- On similar lines, questioning Jhanvi Behal’s criticism of Kanhaiya Kumar is not a violation of open expression either. Free speech advocates believe in questioning anything & everything; they just don’t want the State to define its limits. Much as it may surprise the Gods of false equivalence, free speech *extremists* retain the right to criticize expression.
- As a corollary, Jhanvi Behal is equally entitled to ignore her critics. They have no more right to control her speech as she has to regulate their criticism.
- Free speech is not the equivalent to ideal or nice speech. Offensive speech is what really tests liberal democracies. For instance, criticizing Gods & Prophets—whether Mohammad or Durga—is the very essence of freedom of expression. If everyone agrees with your point—Sachin Tendulkar is one of the greatest ever—there would be no debate on free speech or its supposed limits. Defending the likes of Kamlesh Tiwari—and it is here the Indian liberals fall terribly short—is the fundamental understanding of free speech. And that equally extends to those who believe that Durga was a sex worker. If you can’t defend the right to express the first, it is impossible to genuinely defend the latter as well. That is an exceedingly hard task but that is precisely the reason why beyond its few true worshippers, speech remains that highfalutin book which everyone pretends to love but very few have bothered to read.
- Blocking someone on social media is a perfectly legitimate expression of free speech. Much as all of us wish otherwise—no one is obliged to listen to our speech. You affirm your right to free expression by articulating what you believe; you equally exercise that right by refusing to participate in its expression.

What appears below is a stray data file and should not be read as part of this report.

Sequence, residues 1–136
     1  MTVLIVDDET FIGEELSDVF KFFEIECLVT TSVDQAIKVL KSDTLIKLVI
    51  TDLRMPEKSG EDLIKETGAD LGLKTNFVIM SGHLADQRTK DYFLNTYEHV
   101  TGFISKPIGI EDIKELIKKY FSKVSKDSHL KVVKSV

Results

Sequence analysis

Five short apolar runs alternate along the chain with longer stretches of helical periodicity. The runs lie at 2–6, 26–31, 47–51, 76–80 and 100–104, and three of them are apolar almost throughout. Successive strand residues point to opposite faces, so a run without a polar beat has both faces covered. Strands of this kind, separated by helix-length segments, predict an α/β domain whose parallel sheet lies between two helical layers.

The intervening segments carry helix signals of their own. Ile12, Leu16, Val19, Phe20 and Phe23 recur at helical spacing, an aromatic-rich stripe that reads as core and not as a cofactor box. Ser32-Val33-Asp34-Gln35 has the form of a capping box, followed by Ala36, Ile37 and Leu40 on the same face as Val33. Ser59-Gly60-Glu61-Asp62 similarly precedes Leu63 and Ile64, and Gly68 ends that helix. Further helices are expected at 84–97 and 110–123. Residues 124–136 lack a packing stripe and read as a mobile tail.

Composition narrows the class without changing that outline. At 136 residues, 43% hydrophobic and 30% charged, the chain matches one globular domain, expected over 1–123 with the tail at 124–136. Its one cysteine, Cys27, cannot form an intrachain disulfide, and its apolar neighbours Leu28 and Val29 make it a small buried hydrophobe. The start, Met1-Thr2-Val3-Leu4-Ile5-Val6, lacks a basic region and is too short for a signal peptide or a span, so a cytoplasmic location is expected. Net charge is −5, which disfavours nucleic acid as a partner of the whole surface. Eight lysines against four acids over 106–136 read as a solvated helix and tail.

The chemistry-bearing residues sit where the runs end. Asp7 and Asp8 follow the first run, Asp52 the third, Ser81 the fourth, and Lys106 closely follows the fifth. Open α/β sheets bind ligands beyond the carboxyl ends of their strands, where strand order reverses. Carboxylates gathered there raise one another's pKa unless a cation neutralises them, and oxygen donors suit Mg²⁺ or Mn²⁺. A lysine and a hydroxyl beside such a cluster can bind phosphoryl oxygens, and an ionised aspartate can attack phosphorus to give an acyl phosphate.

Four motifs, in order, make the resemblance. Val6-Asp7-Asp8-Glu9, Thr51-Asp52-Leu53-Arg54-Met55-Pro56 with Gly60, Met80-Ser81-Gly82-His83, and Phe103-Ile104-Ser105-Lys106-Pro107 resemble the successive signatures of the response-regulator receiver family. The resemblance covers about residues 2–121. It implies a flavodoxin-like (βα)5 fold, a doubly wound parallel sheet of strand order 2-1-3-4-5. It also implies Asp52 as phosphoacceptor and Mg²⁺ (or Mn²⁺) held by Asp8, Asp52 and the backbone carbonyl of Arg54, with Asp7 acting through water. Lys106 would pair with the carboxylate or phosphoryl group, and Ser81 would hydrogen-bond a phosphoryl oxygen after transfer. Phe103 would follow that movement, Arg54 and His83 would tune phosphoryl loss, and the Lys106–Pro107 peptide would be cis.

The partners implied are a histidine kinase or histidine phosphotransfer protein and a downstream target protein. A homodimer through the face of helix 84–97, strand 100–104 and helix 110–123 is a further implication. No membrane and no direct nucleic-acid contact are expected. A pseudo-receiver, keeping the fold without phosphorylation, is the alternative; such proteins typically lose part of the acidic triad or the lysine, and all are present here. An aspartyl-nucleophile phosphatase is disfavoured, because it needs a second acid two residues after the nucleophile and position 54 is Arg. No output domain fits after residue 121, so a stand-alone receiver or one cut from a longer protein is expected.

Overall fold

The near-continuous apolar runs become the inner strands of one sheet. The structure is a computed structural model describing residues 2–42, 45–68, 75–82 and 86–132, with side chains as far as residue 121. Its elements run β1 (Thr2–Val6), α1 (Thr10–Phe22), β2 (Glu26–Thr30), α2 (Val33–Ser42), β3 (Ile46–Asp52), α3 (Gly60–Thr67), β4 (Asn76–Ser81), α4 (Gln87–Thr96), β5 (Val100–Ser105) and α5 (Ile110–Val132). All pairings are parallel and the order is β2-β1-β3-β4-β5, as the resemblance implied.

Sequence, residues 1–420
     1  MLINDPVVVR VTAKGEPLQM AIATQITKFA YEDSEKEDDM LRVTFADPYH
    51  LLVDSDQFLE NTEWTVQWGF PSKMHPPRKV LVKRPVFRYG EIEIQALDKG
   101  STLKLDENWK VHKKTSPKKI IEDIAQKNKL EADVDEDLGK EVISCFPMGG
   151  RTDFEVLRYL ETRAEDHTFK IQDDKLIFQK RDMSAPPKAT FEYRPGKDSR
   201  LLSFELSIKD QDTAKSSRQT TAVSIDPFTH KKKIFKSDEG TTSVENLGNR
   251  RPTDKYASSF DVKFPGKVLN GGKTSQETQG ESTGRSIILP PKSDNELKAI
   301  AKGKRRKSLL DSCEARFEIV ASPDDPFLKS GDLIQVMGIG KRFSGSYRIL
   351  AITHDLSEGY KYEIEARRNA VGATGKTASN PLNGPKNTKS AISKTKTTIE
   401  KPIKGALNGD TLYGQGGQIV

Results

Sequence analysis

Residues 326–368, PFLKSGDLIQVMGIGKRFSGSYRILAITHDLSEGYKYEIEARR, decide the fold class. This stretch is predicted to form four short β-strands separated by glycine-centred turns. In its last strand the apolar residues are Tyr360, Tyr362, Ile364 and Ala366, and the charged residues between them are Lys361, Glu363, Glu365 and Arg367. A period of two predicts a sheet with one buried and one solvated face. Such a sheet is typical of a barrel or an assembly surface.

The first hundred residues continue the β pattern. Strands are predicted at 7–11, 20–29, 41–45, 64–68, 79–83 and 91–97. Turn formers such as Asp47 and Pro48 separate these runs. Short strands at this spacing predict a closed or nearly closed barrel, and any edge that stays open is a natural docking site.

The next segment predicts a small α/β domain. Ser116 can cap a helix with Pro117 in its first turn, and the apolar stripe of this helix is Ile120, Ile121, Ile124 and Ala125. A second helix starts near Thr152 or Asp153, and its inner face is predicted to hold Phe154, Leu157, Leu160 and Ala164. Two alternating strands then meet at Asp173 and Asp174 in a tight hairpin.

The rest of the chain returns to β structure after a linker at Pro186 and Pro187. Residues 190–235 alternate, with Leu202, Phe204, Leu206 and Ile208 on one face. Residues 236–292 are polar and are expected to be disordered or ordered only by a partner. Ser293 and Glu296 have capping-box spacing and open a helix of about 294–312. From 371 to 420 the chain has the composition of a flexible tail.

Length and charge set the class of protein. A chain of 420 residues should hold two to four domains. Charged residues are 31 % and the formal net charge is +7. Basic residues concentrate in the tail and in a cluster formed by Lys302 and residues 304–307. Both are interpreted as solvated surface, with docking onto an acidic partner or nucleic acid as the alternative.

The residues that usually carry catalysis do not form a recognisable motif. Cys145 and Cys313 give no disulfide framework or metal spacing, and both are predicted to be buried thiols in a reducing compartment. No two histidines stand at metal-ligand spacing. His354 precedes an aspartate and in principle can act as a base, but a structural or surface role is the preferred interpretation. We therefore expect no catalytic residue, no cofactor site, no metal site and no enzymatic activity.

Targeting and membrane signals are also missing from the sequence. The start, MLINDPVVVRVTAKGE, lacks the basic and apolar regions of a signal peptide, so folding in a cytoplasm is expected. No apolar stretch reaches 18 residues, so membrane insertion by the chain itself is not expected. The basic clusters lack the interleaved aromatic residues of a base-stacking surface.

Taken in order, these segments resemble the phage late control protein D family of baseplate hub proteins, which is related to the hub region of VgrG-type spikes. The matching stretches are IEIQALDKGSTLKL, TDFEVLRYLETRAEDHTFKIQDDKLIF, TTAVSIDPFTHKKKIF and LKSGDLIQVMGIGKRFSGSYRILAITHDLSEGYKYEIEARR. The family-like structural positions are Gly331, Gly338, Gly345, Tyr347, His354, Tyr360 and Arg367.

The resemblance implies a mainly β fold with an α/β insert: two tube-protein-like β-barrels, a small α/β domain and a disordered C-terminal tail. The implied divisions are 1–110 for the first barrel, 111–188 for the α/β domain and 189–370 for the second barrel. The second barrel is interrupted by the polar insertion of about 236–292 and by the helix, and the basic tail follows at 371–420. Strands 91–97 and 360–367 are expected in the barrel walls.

- No one is obliged to provide the space for you to amplify your opinions. For instance, if a news channel refuses to invite contrarian voices to its studios, it is a perfectly legitimate expression of its free speech. Now, one may judge them for refusing to provide a platform for diverse views but they are no more affronting your free speech rights as one is not by refusing to reading this piece.
- Bottomline: You are not obliged to listen to me; I am not obliged to listen to you. All we are supposed to follow—if we truly believe in freedom of expression —is to strongly refute the States’ demand to define its limits. Or in other words, defend vigorously speech one fundamentally finds unpalatable because in that revolt lies the secret of our own freedom.
In short, free speech is a battle against the States’ power to control expression. Admittedly that is true only in a fully functional democracies which constitutionally guarantee speech. Much too often, free speech is curtailed by marauding mobs who challenge the States’ monopolistic expression on violence. And that is especially true in India which remains a Republic in progress. Nevertheless, those who believe in the Indian Republic & its liberal articulation would continue to demand it do better to protect freedom of expression without worrying about political discussions and advantages.
And without confusing—for narrow partisan reasons—what this fundamental & the most magnificent of human rights truly means.